Gigliolli, Cristina ; Margheri, Massimo ; Valente, Serafina ; Comeglio, Marco ; Lazzeri, Chiara ; Chechi, Tania ; Armentano, Corinna ; Romano, Salvatore Mario ; Falai, Massimiliano ; Gensini, Gian Franco. / Timing, setting and incidence of cardiovascular complications in patients with acute myocardial infarction submitted to primary percutaneous coronary intervention. In: Canadian Journal of Cardiology. 2006 ; Vol. 22, No. 12. pp. 1047-1052.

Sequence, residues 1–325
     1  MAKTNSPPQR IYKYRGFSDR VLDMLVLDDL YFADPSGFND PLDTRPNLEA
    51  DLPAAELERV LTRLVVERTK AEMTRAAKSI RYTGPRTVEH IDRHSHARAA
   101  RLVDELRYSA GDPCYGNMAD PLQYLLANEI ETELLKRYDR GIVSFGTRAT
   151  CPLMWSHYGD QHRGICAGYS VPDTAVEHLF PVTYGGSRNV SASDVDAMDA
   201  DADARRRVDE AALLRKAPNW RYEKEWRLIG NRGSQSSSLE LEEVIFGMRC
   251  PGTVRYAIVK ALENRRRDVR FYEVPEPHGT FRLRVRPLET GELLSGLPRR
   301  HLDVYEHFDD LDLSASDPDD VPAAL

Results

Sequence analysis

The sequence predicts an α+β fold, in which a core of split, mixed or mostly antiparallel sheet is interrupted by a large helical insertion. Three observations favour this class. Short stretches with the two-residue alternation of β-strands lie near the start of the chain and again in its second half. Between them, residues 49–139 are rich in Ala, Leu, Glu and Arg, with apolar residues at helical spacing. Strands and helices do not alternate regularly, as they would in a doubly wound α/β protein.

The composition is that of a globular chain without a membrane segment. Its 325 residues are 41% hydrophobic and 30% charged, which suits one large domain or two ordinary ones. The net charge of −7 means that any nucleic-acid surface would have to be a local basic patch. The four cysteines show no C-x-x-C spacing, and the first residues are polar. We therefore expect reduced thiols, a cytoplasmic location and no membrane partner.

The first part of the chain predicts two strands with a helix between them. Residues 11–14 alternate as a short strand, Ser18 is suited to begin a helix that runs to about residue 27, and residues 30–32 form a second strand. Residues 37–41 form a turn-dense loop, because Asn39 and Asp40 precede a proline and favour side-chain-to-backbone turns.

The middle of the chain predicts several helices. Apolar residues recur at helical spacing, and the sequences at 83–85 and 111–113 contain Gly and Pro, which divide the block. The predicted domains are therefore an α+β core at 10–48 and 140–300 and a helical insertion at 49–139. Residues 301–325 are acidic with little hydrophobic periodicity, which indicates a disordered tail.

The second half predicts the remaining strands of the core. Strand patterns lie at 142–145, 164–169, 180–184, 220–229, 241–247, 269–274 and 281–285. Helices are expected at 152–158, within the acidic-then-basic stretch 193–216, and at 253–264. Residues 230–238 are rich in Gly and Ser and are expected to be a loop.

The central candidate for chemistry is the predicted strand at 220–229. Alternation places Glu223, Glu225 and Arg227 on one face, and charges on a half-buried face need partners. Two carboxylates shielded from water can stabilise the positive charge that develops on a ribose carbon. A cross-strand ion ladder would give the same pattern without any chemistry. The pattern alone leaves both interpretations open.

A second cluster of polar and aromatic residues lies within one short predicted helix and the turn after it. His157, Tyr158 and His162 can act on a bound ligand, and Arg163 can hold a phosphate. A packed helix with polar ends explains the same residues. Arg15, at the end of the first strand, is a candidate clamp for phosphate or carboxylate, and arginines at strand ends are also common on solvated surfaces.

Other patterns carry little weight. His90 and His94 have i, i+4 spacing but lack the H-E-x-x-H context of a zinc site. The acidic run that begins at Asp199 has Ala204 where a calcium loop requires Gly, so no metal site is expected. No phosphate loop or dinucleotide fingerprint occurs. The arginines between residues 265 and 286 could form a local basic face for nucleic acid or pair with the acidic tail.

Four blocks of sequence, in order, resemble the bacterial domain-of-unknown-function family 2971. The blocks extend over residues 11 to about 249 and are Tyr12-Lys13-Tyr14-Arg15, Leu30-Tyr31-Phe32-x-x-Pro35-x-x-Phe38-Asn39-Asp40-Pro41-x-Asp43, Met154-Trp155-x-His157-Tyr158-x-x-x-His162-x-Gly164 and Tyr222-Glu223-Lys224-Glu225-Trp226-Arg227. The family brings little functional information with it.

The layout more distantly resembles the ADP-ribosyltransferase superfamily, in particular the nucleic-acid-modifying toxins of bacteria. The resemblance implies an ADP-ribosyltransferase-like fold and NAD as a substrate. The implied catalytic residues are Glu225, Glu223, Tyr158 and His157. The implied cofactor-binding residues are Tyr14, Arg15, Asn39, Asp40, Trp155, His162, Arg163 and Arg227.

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abstract = "Background: At the Istituto di Clinica Medica Generale e Cardiologia (Florence, Italy), the widespread use of percutaneous coronary intervention (PCI) has markedly changed the hospital course of patients with acute myocardial infarction (AMI). These patients are typically transferred to the coronary care unit (CCU) only after primary PCI, whereas during the thrombolytic era, patients were first admitted to CCU before reperfusion. Objectives and methods: The incidence, timing and setting of complications from symptom onset to hospital discharge in 689 consecutive AMI patients undergoing PCI were evaluated. Results: Ventricular fibrillation occurred in 11{\%} of patients, and most episodes (94.7{\%}) occurred before or during PCI. Of all patients, 6.3{\%} developed complete atrioventricular block (CAVB), and in 86.3{\%} of these cases, the CAVB occurred before or during PCI; in 94.5{\%}, a CAVB resolution occurred in the catheterization laboratory (CL). Thirty-one patients (4.5{\%}) had impending shock on admission to the CL. Cardiogenic shock developed in 29 patients (4.2{\%}), mostly in the prehospital phase or in the CL. Only four patients (less than 1{\%}) developed cardiogenic shock later during their hospital course. Similarly, circulatory and ventilatory support, as well as temporary pacing and cardiac defibrillation, were used mostly in the prehospital phase or in the CL. During the CCU stay, 45 patients (6.5{\%}) had hemorrhagic or vascular complications, and the incidence of post-PCI ischemia and early reocclusion of the culprit vessel were low (2.1{\%} and 0.6{\%}, respectively). Thus, cardiac complications usually associated with AMI were observed mainly before hospital admission or in the CL during the reopening of the target vessel. These complications were rarely observed after a successful PCI. Conclusions: For AMI patients, the CL is not only the site of PCI, it is also where most life-threatening cardiac complications are observed and treated.",